Dubuque, Johnson and rural counties fuel new COVID uptick

By: - November 10, 2021 1:40 pm

Three new COVID-19 outbreaks were reported in Iowa nursing homes last week. (Image via National Foundation for Infectious Diseases)

New, confirmed coronavirus cases are rising again in Iowa despite dwindling or stagnant infection rates in some of the state’s largest counties.

One reason is Dubuque County, where the two-week infection rate doubled in the past month, according to state data.

“I know we are not plateauing yet this week, and I don’t know what’s going to happen in the next seven days,” said Mary Rose Corrigan, public health specialist for the city of Dubuque. “We’d like to think it’s going to go down, but as I look in the community and see the majority of people not wearing masks and continuing to be with others in groups indoors, I don’t know.”

In terms of total new cases over the past seven days, Dubuque’s 536 cases were only eclipsed by Polk County, which had 909. Polk’s population is five times the size of Dubuque’s.

Johnson County, where Iowa City is located, also has a considerable surge that began in late October and had nearly 400 new cases in the past seven days, state data show. Children represent 43% of those new cases.

Statewide, children accounted for about 23% of new cases during the same period — a percentage that has remained mostly steady since the start of the school year.

The state’s two-week rate of infection peaked in September and steadily declined until late October, when it began to slowly rise again.

Among the less-populated counties, Taylor in southern Iowa had a recent one-week period that matched its new infections during the height of the pandemic in November.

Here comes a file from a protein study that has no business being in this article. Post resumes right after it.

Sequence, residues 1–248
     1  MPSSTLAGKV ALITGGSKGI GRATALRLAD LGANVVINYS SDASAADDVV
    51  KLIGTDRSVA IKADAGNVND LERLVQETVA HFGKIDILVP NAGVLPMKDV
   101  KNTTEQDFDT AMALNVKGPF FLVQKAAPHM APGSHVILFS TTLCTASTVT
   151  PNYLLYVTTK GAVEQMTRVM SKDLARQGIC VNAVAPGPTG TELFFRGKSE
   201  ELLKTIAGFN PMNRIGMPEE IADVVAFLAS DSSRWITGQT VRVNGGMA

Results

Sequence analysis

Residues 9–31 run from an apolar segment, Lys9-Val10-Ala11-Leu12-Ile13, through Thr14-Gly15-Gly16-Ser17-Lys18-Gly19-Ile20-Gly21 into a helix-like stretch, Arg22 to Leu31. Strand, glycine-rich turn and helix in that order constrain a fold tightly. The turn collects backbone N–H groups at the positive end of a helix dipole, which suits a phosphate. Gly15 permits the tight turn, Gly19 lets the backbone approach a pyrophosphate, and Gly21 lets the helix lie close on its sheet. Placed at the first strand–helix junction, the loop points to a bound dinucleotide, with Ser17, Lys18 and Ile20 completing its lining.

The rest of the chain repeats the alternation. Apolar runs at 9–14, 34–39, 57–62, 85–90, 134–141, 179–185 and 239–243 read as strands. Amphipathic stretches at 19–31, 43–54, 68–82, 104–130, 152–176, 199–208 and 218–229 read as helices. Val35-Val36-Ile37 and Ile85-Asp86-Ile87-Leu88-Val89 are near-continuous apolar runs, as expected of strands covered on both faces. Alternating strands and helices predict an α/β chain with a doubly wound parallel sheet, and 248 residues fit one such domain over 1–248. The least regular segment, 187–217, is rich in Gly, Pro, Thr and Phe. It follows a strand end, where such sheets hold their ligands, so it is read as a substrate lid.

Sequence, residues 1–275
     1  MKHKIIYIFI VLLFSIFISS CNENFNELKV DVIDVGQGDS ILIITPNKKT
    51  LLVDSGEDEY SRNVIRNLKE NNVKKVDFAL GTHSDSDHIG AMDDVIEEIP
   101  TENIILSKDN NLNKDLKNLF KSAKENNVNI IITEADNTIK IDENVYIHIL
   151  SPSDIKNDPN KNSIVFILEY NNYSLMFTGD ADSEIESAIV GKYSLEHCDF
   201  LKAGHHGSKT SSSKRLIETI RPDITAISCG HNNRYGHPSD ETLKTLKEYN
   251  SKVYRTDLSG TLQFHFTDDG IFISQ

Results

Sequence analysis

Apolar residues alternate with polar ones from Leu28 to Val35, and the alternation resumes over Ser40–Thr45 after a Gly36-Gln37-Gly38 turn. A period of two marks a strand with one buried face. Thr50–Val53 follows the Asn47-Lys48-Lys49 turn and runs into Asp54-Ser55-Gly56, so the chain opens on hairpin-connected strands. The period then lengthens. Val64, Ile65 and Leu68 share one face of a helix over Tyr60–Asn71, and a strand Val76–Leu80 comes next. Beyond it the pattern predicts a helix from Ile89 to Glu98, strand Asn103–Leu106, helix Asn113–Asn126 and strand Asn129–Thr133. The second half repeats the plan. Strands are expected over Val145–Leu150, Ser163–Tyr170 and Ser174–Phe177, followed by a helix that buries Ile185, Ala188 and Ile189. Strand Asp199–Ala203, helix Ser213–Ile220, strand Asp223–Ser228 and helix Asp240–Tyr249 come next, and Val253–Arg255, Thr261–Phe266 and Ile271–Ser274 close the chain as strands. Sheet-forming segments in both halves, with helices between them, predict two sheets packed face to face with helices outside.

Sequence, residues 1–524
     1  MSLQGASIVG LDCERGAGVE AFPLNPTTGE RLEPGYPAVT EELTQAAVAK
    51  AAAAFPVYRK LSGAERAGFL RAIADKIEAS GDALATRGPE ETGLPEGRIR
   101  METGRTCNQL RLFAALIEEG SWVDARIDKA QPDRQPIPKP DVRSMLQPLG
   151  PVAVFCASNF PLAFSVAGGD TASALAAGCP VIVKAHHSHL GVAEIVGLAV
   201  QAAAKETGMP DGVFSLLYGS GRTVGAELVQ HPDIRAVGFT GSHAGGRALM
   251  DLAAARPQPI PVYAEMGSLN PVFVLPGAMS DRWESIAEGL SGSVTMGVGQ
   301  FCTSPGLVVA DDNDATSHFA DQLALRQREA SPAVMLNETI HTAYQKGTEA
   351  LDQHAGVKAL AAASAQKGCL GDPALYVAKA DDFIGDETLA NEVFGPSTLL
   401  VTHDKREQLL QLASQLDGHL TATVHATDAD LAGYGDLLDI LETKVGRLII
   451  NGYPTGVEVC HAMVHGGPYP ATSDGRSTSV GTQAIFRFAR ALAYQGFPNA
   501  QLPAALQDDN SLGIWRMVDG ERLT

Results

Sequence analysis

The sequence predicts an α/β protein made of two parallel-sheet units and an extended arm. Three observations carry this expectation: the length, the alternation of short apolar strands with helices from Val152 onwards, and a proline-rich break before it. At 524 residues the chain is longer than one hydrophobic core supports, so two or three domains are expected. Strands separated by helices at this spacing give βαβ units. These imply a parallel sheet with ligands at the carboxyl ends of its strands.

Sandy Boswell, nurse supervisor for the county’s public health department, said the 61 new cases were a result of broad community spread.

“It’s just the events that we normally have,” she said. “There was Halloween. There were ballgames. … People don’t mask. They go to all the events, but they don’t protect themselves. Once a family gets it, the whole family gets it because the variant is so much more virulent.”

Other small counties with surging infection rates include Decatur — where 42% of new cases were children in the past week — Clarke, Wright and Winnebago.

Hospitalizations are rising again as well. As of Wednesday, 524 residents were admitted for treatment for COVID-19, according to state data, which was up from 515 the day before.

About 71% of those patients were unvaccinated for the virus before being infected. Among people younger than 60, the unvaccinated account for 85% of hospitalizations. For those who are 80 and older and admitted for treatment, about half are vaccinated.

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Jared Strong
Jared Strong

Senior reporter Jared Strong has written about Iowans and the important issues that affect them for more than 15 years, previously for the Carroll Times Herald and the Des Moines Register. His investigative work exposing police misconduct has notched several state and national awards. He is a longtime trustee of the Iowa Freedom of Information Council, which fights for open records and open government. He is a lifelong Iowan and has lived mostly in rural western parts of the state.

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